If you’ve been on albertnet lately, you’ll have learned that I recently did a week-long, fully supported bicycle tour through southeast France, tackling most of the Alpine climbs that are included in Tour de France routes. You’ll also have learned that I tend to get sidetracked by culinary matters, which is great news for those who tire of cycling lore. Well, I’m back, and this time promise to focus more on the suffering—mine in particular (your favorite!). As before, this report doesn’t have a very specific structure … it’s more like a highlights reel, because there were just too many rides, too many climbs, and too many meals to worry about sequencing them properly.
I’m really bad at navigation. I don’t have much of an explorer’s curiosity, and am happy to keep riding the same training routes over and over again. Even when I did a nine-month bike tour with my wife, we made literally zero effort to plot any kind of route—we just started by heading south along the California coast almost to Mexico, then went randomly east or north until we got to Maine. Let’s be clear though: It’s not just that I’m not interested in navigation, it’s that I lack the mental faculty for it. So my biggest fear with this French Alps tour was that I’d get dropped and then get lost, in this strange foreign land where you can’t even get a normal cup of coffee.
Hoping to have my fears assuaged, I asked K, our supported-tour veteran, if getting dropped would necessarily mean getting lost. His reply was emphatic: “If you don’t download the GPX files, you will definitely get lost.” D’oh!
This is kind of a classic pitfall of modern society: you’re expected to be an expert in the latest technology whether you like it or not. Events and itineraries are now communicated via social media—never mind that these vanity platforms were originally designed solely to increase teenagers’ insecurity. Case in point: the bike tour organizers took to sending important schedule updates via WhatsApp, a platform I do not, and shall not, use. On top of all this, I’m suddenly supposed to know what a GPX file is …. presumably it runs on a Garmin (i.e., one of the expensive gizmos I don’t own).
Well, I found the email with all the routes, downloaded a GPX file, tried to open it on my phone, and was offered two apps to try. One of them I hadn’t heard of, but the other was (surprise!) an app I actually use. It’s Sigma Ride, the workout tracking app for my cheap, weird bike computer that nobody else in America has. Well, the GPX file opened right up, which was a pleasant surprise but not that helpful. After all, it’s not like I want to ride around the Alps peering into my phone the whole time. On a whim, I clicked a three-dot icon and saw an option to beam the route into my bike computer via Bluetooth. And, voilà! There it was, the route loaded in my bike computer so it could give me step-by-step directions … a feature I was vaguely aware it might have but had never before investigated. Sweet! Now I could totally get dropped and all I had to worry about was everyone snickering at my frailty behind my back! (You know, the devil I know…)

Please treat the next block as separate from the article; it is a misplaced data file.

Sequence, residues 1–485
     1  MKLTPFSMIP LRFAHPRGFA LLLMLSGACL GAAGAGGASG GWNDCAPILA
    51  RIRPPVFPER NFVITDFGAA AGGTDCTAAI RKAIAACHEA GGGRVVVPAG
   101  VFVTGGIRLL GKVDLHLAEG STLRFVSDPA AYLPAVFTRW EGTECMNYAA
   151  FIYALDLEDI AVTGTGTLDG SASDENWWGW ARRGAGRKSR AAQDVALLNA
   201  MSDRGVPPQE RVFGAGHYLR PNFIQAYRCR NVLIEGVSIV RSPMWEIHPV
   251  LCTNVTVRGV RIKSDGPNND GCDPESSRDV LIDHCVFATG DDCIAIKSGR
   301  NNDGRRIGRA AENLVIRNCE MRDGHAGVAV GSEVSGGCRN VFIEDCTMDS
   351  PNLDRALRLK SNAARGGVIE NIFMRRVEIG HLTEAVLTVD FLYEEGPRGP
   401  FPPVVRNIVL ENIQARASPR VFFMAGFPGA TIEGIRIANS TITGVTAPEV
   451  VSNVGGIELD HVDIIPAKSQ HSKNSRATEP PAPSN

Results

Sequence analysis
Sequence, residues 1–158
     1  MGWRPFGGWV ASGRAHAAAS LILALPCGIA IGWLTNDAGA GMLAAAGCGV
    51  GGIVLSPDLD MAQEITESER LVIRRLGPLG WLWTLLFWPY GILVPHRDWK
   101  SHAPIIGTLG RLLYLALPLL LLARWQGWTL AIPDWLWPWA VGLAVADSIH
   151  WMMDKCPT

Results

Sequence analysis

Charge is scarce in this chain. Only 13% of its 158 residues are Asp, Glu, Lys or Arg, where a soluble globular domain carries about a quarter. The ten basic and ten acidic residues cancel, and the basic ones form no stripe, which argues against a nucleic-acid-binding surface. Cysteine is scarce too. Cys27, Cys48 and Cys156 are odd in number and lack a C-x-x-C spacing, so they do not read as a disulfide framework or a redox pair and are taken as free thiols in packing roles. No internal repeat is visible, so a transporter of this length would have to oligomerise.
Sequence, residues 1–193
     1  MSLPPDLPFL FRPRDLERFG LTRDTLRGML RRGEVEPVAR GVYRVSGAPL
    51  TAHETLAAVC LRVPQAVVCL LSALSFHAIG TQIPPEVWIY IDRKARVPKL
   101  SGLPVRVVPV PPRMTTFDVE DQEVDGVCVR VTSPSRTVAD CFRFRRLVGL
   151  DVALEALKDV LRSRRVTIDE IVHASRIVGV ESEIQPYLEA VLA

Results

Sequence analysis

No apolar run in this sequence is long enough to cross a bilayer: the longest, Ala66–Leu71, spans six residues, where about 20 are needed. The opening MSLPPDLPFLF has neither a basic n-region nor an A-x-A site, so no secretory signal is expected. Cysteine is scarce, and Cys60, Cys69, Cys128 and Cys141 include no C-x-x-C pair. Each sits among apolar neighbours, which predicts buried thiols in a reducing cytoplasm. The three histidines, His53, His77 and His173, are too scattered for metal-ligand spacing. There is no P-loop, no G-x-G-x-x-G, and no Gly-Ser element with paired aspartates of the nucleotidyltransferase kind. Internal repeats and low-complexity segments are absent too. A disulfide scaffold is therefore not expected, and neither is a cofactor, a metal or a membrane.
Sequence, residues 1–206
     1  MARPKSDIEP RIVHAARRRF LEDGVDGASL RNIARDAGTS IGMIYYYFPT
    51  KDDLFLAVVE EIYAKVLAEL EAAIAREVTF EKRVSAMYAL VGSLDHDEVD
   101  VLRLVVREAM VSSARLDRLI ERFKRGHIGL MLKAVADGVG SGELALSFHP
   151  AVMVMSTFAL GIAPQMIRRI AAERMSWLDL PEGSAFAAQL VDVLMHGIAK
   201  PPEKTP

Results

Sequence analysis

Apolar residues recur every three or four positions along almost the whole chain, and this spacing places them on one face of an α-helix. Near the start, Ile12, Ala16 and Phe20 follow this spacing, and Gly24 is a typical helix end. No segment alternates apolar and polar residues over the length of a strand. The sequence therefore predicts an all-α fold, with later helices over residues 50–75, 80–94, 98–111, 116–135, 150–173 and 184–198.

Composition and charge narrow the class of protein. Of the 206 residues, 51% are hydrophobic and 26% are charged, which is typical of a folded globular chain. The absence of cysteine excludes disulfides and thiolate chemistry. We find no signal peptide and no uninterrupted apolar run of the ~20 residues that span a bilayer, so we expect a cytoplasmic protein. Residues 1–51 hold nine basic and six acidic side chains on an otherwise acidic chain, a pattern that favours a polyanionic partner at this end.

Col de Joux Plane and Col de la Columbière
I don’t remember much about our first climb of the day, Cat 1 Col de Joux Plane, other than we started up it immediately, with like zero warm-up. That’s okay, because I was raring to go after a great night’s sleep. Ha. Ha ha ha. Ha ha ha ha ha. Actually I hadn’t slept for shit, between jet lag, the room being too warm, anxiety about the big day of riding, etc. Plus, my older daughter phoned me in the middle of the night. Why? Well, my phone had gone berserk and had been texting and re-texting her my Wordle result and some trip photos almost continuously, all night, creating the illusion I was awake and insane and already on my phone. At least, that’s what led my daughter to forget the time zone difference. My roommate was oddly gracious about the whole thing; turns out he was wide awake at the time anyway. I’m not the only one having trouble sleeping.